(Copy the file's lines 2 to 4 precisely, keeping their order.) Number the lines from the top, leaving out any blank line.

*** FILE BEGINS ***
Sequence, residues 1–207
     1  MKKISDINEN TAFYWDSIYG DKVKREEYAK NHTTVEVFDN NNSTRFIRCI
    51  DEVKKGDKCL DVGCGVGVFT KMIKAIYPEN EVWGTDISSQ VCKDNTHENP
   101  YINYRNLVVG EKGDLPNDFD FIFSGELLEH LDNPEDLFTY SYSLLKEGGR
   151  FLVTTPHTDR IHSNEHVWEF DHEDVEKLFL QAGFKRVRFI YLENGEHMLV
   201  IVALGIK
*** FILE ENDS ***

     1  MKKISDINEN TAFYWDSIYG DKVKREEYAK NHTTVEVFDN NNSTRFIRCI
    51  DEVKKGDKCL DVGCGVGVFT KMIKAIYPEN EVWGTDISSQ VCKDNTHENP
   101  YINYRNLVVG EKGDLPNDFD FIFSGELLEH LDNPEDLFTY SYSLLKEGGR